|Die Frankfurt-Tipp Bewertung:|
|Genre:||Mystery, Action, Adventure|
|Laufzeit:||Approx. 104 min.|
|FSK:||From 12 years|
Waking up in a subway tunnel and not remembering anything - what could be worse? Maybe still being chased by the police and not knowing why. This is what happens to a young man (David Kross), who can barely escape before he is handcuffed. Since he doesn't know who he is or where he lives, he has only one clue: the business cards of a restaurant he finds in his pocket. There he discovers a notebook in the toilet, which is apparently his diary. Apparently, he is on the verge of uncovering a massive conspiracy whose masterminds want to silence him at all costs. When a young woman (Emilia Schüle) appears who is dressed like him and has an almost identical burn wound on her left hand, like him, he begins to understand the danger they are both in...
The youth novel "Boy 7" by Mirjam Mous has achieved something very special: it was filmed twice in 2015. Once in the Netherlands, the author's home, and once in Germany. Here director Özgür Yildirim ("Chiko", "Blutzbrüdaz") took care of the exciting mystery story. With David Kross and Emilia Schüle he was able to win two highly talented young stars of German cinema for the leading role. The look of the film is somewhere between traditional paranoia thriller and contemporary dystopia, which makes the film an interesting piece of young German cinema on its visual level alone.
Just at the beginning, Yildirim's staging shows a stirring pace. The viewer is thrown into the middle of the action and, like the main protagonist, is completely at a loss what's going on here. When Samuel finds his diary and the events look back into the past for some time, the pace is slowed down considerably. However, the entertainment value does not suffer from this at first. With an engaging look, a harmonious soundtrack and a little bit of humor, the action remains captivating. When Samuel alias Boy 7 then slowly but surely gets to the bottom of the conspiracy, the tension even increases again.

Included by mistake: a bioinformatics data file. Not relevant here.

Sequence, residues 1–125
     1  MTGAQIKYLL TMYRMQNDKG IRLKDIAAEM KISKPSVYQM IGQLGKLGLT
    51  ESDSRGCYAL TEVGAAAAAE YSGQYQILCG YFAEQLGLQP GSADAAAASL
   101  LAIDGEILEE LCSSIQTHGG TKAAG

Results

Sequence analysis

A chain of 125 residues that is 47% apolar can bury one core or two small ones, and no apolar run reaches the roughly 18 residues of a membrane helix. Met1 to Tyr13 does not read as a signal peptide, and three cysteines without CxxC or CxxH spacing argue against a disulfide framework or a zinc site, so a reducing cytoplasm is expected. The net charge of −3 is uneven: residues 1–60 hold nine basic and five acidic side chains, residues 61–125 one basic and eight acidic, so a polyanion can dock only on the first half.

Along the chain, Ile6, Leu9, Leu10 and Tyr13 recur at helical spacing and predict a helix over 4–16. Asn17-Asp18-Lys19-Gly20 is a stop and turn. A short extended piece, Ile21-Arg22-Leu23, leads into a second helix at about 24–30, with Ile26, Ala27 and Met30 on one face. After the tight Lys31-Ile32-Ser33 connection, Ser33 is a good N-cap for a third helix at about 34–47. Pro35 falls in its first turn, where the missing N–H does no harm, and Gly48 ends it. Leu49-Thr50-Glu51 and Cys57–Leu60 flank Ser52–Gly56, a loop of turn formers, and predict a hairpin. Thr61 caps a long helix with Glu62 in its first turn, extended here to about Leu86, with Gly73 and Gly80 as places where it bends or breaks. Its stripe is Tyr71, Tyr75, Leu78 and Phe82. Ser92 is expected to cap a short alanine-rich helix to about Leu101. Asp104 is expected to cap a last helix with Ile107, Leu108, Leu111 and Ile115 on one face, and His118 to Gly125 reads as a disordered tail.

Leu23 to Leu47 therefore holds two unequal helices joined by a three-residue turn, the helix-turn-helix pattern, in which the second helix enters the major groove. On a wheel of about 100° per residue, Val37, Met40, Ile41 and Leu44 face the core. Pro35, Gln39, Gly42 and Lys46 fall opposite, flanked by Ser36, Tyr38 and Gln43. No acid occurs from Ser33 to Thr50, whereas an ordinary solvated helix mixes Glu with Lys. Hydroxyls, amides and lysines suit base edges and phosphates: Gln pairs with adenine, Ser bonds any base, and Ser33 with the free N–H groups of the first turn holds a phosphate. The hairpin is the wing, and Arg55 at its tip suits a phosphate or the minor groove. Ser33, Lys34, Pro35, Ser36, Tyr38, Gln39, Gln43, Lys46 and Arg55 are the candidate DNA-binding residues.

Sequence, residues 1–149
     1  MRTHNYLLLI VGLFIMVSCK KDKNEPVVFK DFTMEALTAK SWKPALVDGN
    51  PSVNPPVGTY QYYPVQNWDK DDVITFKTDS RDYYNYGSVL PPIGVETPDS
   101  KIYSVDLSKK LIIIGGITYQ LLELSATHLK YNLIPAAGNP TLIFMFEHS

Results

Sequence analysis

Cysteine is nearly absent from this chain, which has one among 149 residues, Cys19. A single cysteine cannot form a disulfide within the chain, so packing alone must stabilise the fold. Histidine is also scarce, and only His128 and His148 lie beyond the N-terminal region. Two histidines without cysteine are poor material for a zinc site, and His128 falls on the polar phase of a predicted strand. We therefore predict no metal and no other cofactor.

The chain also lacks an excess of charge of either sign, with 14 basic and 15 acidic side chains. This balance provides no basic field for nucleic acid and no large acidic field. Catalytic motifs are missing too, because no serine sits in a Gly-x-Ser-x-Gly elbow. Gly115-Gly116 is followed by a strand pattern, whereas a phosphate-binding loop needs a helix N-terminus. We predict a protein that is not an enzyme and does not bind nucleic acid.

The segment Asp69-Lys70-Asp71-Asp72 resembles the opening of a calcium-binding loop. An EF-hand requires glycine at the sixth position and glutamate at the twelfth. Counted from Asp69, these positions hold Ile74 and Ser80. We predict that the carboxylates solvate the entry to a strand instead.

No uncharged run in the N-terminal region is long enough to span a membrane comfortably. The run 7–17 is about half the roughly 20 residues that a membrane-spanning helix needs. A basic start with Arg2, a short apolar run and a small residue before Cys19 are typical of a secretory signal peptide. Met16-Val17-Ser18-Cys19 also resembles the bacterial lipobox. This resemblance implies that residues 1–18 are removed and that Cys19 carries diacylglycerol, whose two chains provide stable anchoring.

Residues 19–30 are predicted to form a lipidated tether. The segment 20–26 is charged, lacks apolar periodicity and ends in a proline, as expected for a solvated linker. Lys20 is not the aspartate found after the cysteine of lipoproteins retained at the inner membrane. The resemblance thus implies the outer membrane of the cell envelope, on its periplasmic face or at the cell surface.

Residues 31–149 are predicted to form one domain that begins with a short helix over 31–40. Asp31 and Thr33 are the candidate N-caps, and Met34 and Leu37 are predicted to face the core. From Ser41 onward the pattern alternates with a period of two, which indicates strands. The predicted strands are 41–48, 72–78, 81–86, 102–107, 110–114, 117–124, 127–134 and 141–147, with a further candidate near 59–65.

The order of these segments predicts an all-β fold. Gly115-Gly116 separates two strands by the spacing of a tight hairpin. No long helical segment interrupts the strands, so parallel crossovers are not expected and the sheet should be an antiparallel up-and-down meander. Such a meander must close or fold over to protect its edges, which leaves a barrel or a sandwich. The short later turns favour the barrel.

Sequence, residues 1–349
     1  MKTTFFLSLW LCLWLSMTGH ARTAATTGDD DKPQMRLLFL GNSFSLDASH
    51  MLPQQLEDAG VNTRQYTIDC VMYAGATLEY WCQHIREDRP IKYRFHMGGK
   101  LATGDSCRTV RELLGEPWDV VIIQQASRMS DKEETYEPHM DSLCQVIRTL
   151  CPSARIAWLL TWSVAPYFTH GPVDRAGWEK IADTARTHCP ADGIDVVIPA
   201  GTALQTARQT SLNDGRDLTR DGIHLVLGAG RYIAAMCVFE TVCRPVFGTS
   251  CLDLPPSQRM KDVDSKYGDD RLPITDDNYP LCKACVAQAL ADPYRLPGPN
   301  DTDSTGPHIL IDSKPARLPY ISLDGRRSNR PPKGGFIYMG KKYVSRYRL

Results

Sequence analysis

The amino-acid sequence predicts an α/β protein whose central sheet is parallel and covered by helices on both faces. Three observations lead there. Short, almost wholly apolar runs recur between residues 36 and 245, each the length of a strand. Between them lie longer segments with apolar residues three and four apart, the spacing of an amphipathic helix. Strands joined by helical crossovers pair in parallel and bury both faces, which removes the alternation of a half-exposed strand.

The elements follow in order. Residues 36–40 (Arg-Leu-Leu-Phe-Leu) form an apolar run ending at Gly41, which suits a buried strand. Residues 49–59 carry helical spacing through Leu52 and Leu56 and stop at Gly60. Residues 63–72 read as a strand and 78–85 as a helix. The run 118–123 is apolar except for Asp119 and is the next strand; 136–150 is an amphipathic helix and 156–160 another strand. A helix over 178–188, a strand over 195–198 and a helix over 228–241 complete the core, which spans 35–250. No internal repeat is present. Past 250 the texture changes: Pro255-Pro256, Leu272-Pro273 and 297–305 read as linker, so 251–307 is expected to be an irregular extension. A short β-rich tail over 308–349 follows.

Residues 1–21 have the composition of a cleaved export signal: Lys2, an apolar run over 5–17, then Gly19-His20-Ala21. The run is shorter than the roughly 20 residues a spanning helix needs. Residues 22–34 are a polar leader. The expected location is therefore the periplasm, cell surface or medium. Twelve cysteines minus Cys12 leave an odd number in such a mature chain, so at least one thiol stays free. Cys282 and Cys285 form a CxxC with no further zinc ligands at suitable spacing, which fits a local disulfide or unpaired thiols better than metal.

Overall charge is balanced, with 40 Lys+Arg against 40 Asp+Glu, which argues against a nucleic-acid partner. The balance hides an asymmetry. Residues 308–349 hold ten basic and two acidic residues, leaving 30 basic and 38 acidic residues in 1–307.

However, until the story arrives there, there are unfortunately also some tougher moments, under which the tension has to suffer a little. The good main actors can pull this out over and over again, but the overall impression, which is very positive in itself, is a little clouded by such lengths. Especially towards the finale there are some moments that slow down the otherwise fast-paced and exciting action a little. But even if this is one of the reasons why "Boy 7" has become a good, but not very good mystery thriller for the young target group, Özgür Yildirim and his team have to be highly credited for trying to leave the beaten track of German youth film and to stage a thriller that moves on an international level in every respect. Even if this is not quite successful, the attempt alone must be absolutely rewarded.
So this "Bourne" may not be a masterpiece for teens. And maybe a little potential was given away. But all in all, the story, the actors and the visual implementation can be quite appealing, which is why in the end there is a more than well-deserved "worth seeing" despite some small weaknesses!
Ein Artikel von Frankfurt-Tipp